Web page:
9 things to know about SunTrust Park

While the move to Cobb still chafes some fans, one thing is indisputable: the complex around SunTrust Park will be hopping. Nine things to know before you go.

BY - March 30, 2017

Braves SunTrust Park graphic
Illustration by Jeannie Phan

Fifty-one years ago this month, Major League baseball debuted in the South as the fledgling Braves slogged through rain and mud to down the Mets 8-4. For 31 seasons the team played out of Atlanta-Fulton County Stadium, in the shadow of downtown, winning its first (and, so far, only) World Series championship. Last fall the Braves played their final game at Turner Field, the park that became their second home in 1997.

The team’s third act debuts at 7:35 p.m. on Friday, April 14, when the Braves host the San Diego Padres, raising the curtain on their new home, SunTrust Park. Few civic institutions evoke as much emotion as a major league sports franchise, and the Braves’ announcement in 2013 that they’d decamp to Cobb County, 15 miles up I-75, divided fans.

The Braves’ exodus to the ’burbs defies the recent trend of teams relocating to America’s urban cores. But the move puts the club closer to the high concentration of ticket-buying fans in the metro region’s northern reaches. And the new park allows for pregame and postgame revelry where the downtown stadium offered just parking lots.

“Whenever a team moves venues, there’s always understandably—and I think this is a positive—an emotional attachment and connection to that team and also to the [original] venue,” says Derek Schiller, the Braves president of business. “But we’ve created a facility where you’re going to be able to develop memories that are even better.”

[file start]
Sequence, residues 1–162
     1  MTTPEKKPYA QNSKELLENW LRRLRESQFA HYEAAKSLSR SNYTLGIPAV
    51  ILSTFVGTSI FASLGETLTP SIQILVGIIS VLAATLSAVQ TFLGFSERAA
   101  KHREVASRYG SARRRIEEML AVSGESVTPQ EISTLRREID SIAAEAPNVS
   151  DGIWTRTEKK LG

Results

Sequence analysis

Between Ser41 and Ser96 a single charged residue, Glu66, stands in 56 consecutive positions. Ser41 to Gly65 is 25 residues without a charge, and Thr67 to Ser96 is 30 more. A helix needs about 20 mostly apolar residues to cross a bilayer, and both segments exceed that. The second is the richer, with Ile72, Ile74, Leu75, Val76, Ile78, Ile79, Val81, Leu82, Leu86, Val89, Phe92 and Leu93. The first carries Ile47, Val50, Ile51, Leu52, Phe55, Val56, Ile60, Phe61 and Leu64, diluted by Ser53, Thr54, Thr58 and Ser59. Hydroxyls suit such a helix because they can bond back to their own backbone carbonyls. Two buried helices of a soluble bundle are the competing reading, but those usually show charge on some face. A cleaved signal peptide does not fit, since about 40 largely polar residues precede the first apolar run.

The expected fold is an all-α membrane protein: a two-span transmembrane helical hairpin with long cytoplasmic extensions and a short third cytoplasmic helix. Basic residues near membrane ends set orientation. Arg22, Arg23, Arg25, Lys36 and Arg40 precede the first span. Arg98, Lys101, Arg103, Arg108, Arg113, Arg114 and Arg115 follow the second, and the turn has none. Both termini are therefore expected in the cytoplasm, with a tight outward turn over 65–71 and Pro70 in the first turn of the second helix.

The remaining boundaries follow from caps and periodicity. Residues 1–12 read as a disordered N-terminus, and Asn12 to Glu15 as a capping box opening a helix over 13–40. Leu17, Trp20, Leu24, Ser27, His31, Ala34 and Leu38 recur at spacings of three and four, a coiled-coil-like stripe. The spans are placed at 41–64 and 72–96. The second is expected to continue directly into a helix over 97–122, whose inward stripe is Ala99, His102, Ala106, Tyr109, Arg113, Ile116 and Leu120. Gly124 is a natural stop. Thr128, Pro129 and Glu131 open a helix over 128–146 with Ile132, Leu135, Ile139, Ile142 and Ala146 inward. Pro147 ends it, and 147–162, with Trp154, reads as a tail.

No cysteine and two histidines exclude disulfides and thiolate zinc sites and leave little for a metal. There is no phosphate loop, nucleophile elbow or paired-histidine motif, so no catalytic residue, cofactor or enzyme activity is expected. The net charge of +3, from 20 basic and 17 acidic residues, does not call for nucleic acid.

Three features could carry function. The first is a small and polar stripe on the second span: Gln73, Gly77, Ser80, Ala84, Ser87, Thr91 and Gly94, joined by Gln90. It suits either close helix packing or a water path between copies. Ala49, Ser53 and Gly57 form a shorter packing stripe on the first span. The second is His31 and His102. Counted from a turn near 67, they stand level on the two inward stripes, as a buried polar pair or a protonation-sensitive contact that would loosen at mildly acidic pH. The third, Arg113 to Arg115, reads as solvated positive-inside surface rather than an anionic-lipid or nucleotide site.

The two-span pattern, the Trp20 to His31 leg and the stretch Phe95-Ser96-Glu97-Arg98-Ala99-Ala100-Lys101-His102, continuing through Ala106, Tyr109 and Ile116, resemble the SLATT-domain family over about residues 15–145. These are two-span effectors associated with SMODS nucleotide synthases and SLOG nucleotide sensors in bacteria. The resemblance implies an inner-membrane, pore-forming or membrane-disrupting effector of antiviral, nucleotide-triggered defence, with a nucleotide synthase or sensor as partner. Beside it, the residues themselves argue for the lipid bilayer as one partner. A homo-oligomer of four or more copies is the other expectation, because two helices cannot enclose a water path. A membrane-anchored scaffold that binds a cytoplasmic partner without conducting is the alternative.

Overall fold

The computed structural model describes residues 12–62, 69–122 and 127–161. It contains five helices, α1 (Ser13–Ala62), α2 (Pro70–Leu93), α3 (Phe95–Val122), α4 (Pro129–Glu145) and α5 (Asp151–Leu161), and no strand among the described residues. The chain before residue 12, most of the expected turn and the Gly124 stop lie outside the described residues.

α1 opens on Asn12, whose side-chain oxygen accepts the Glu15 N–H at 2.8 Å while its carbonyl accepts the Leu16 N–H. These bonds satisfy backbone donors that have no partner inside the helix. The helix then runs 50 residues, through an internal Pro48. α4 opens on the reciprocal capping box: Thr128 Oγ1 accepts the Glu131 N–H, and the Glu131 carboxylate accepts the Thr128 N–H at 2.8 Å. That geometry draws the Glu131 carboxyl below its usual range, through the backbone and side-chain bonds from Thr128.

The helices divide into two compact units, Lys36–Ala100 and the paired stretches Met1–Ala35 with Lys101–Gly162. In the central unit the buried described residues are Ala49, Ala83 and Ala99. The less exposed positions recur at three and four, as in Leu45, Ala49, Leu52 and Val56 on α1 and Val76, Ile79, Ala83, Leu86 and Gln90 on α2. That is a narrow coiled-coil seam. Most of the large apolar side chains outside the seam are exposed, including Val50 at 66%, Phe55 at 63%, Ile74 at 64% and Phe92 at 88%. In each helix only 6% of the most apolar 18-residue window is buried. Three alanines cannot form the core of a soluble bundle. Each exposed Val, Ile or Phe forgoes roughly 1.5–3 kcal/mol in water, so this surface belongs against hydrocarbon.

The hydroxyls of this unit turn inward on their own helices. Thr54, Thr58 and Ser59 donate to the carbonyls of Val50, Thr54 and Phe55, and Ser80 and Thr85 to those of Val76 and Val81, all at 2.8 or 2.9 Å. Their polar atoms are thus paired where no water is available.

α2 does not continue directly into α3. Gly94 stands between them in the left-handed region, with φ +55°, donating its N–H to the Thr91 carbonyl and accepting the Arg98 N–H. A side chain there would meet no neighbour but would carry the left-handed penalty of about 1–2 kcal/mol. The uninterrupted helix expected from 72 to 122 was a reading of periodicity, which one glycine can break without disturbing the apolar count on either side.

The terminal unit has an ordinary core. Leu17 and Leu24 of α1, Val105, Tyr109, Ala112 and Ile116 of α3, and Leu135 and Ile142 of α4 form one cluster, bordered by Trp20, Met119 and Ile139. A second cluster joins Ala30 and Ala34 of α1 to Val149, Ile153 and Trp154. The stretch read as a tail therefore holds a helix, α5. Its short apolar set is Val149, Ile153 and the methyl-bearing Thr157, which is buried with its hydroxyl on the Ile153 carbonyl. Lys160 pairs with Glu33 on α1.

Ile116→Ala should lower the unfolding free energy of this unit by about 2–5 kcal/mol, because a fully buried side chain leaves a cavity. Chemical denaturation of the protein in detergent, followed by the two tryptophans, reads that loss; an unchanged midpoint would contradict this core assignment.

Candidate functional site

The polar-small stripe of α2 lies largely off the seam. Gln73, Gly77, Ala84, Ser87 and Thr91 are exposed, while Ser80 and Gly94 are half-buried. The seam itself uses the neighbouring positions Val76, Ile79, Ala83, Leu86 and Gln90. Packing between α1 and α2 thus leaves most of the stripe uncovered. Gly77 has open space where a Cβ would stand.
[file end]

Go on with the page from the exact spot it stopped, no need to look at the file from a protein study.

Braves executives say SunTrust Park and its live-work-play component, the Battery Atlanta, will provide a game-day experience like Atlanta’s never seen: an intimate venue that echoes classic big league cathedrals—only with zip-lines, rooftop cabanas, an on-site brewery, and a Waffle House. Outside the gates, expect a master-planned mini-city that offers bountiful culinary and entertainment options.

On 60 wooded acres at the junction of interstates 75 and 285, the Braves and their partners embarked on a $1.3 billion project of unprecedented complexity and scale in 2014. They built a stadium and mixed-use development at the same time, borrowing ideas from parks across the country. Collectively, the Cobb County project encompasses 2.6 million square feet (roughly triple the size of Phipps Plaza), and all facilities should open on schedule throughout 2017.

Before the first shovel turned, the relocation process was fraught with logistical challenges and controversy, but the Braves insist the growing pains will be worth it. “We’d be lying to you if we didn’t tell you this was a lot harder than we thought,” says Braves president of development Mike Plant. “[But] it’s going to really transform this area.”

  1. What $1.3 billion bought the Braves (and what it cost Tim Lee)
  2. How did the land surrounding SunTrust Park stay undeveloped for so long?
  3. What you'll see when you walk into SunTrust Park
  4. Atlanta Braves games are scaling down in size—and hopefully in price
  5. If the Braves game's a snoozer, there's still plenty to do inside the stadium
  6. Parking, bridges, and tailgating at SunTrust Park
  7. You can live or work at SunTrust Park, thanks to the Battery Atlanta
  8. And the Battery will give you a lot more dining options, too
  9. Your guide to beating (or, at least, enduring) Atlanta Braves gameday traffic